The federal debt ceiling is a lot like San Francisco Giants relief pitcher Hunter Strickland.
Unlike Strickland, the debt ceiling doesn’t possess the patience of Job. The debt ceiling doesn’t hold grudges. The debt ceiling doesn’t command a 97 mph, four-seam fastball.
But like Strickland, the ceiling can trigger chaos when it’s ready. The debt ceiling lurks. Sometimes years. You know generally when the debt ceiling’s coming. But you’re never quite sure. And when the debt ceiling arrives, well, pandemonium erupts in Washington. The debt ceiling grooves some chin music, backing the hitter off the dish. That’s usually enough to touch off a political fracas in the sweltering dog days of summer.
Strickland waited. 965 days. Bryce Harper crushed two home runs off Strickland in the 2014 National League Division Series. The second blast sparked jawing between the duo as Harper rounded the bases.
And then Monday, as the San Francisco Giants and Washington Nationals played in a Memorial Day tilt, Strickland plucked Harper on the hip in retaliation. Harper fired his helmet in Strickland’s general direction. The two came to blows near the mound. This triggered the biggest Major League Baseball melee since a 2010 donnybrook between the Cincinnati Reds and St. Louis Cardinals.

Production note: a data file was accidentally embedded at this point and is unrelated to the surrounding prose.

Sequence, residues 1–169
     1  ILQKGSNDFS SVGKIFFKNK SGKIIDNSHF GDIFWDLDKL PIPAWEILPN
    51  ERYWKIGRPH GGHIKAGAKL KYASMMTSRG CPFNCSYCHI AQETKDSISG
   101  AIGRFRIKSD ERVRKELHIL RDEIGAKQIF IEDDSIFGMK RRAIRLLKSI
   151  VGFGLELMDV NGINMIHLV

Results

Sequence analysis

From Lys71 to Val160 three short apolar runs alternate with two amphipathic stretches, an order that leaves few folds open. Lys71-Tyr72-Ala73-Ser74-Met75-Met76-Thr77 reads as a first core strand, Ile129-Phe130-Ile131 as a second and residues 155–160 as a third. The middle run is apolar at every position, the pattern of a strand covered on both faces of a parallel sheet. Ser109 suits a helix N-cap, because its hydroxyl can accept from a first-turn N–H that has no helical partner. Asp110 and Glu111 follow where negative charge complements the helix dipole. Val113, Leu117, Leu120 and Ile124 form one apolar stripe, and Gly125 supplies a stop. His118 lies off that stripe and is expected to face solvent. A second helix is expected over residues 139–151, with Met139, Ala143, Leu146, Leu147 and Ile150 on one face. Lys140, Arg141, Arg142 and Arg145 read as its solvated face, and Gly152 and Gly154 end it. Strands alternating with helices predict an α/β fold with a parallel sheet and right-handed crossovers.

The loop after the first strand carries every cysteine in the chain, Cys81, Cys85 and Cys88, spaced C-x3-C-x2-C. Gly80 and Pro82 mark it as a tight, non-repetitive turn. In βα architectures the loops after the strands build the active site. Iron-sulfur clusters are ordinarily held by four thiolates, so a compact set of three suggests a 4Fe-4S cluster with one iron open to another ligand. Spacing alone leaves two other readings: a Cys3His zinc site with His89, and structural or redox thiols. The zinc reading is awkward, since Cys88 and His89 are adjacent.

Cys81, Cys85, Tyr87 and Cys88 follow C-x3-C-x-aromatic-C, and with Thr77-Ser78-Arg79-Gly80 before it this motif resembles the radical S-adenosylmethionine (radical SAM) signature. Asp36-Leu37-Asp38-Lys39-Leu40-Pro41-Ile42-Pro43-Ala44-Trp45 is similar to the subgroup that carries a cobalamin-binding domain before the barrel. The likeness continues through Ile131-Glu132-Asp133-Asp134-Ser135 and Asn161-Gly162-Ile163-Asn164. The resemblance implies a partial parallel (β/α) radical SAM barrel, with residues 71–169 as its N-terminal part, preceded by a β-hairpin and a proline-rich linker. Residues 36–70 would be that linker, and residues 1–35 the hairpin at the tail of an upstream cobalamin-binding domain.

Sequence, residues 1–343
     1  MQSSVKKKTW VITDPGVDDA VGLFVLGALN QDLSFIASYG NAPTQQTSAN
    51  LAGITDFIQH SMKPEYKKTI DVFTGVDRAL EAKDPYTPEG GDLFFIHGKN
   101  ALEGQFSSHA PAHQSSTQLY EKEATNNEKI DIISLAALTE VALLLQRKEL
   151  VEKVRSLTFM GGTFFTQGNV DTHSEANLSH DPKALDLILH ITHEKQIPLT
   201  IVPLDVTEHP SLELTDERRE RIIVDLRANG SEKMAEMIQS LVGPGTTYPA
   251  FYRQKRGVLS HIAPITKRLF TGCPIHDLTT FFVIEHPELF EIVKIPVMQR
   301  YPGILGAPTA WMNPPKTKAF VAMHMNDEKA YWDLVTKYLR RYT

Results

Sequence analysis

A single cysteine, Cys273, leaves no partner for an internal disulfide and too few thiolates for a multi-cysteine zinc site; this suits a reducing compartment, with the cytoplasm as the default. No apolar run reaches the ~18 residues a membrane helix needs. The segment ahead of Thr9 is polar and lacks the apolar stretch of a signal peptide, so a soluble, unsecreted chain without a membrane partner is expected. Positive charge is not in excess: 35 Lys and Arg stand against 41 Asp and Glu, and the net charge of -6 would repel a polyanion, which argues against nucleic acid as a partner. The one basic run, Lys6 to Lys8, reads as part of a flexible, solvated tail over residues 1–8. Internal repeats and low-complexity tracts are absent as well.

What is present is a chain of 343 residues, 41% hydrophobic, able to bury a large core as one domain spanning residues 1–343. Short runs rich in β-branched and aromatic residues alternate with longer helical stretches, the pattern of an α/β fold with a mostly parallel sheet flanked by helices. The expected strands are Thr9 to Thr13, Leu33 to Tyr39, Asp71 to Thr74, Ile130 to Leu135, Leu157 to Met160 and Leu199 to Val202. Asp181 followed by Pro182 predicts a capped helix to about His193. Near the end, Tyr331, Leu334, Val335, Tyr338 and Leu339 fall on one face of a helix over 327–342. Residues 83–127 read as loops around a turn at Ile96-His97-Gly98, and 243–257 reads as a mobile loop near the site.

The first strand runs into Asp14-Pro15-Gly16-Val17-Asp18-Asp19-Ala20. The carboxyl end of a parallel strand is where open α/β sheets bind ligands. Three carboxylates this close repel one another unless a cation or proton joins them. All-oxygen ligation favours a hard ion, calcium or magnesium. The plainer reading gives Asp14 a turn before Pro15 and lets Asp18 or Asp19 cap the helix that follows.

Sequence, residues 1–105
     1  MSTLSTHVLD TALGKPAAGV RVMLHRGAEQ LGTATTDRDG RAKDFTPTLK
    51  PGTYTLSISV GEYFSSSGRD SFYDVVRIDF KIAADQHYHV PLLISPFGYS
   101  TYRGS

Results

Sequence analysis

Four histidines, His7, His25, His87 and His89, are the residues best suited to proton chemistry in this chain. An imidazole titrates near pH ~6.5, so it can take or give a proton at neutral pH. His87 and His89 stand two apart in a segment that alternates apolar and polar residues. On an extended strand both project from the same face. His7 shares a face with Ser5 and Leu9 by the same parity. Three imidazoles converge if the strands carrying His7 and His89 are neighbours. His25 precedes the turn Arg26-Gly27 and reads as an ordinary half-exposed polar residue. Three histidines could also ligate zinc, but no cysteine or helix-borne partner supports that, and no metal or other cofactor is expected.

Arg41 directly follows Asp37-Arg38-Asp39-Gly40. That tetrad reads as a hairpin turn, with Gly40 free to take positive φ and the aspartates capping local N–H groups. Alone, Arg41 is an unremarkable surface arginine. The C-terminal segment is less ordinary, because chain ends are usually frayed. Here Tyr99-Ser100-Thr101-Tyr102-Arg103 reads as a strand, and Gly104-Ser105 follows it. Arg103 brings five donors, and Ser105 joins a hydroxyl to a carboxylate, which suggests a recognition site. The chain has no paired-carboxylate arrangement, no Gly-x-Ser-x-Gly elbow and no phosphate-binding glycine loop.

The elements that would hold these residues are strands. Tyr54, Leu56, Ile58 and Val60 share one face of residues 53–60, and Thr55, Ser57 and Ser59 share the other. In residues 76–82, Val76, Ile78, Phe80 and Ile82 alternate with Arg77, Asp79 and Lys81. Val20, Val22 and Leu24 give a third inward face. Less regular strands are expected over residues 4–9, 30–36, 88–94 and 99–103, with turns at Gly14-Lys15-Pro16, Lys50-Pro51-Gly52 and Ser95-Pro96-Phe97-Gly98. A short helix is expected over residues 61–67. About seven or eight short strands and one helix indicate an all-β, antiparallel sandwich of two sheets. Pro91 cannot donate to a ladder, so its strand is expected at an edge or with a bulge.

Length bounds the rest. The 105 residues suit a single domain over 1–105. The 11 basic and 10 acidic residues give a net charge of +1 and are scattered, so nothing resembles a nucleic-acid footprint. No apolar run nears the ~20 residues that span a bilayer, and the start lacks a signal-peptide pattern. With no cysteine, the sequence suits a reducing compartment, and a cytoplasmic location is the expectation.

We can argue about whether Strickland was in the wrong, whether Harper was silly for charging the mound or what San Francisco Giants catcher Buster Posey -- apparently encased in bronze -- was thinking when he stood statuesque behind the plate, never trying to protect his battery mate.
But when it comes to the debt ceiling, a similar rhubarb is about to erupt on Capitol Hill and at the White House. Much like the Strickland/Harper rumble, this one was years in the making, too.
Treasury Secretary Steven Mnuchin told the House Ways and Means Committee last week that Congress needs to “raise our debt ceiling to pay our debts.”
He asserted he’d prefer a “clean” debt-limit increase to preserve the Treasury Department’s borrowing authority. Mnuchin also warned the panel that he’d like action before Congress departs for the month-long August recess.
Lawmakers thought they had until autumn to wrestle with the debt limit. But White House budget Director Mick Mulvaney derailed that thinking.
Federal “receipts currently are coming in a little bit slower than expected,” Mulvaney said during an appearance before the House Budget Committee.
Congress last grappled with the debt ceiling in fall 2015.
The battle barely qualified for undercard status. Then- President Barack Obama and House Speaker John Boehner, R-Ohio, engineered a deal to fund the government and suspend the debt threshold just as Boehner resigned from Congress.
They wanted to give Obama’s successor -- as well as House Speaker Paul Ryan, R-Wis. -- leeway on fiscal issues. So Boehner and the president shelved the debt ceiling until March 16 of this year. The ceiling fight was virtually an afterthought. Everyone was just glad to avert a government shutdown -- to say nothing of House Republicans finally settling on a new speaker in Ryan.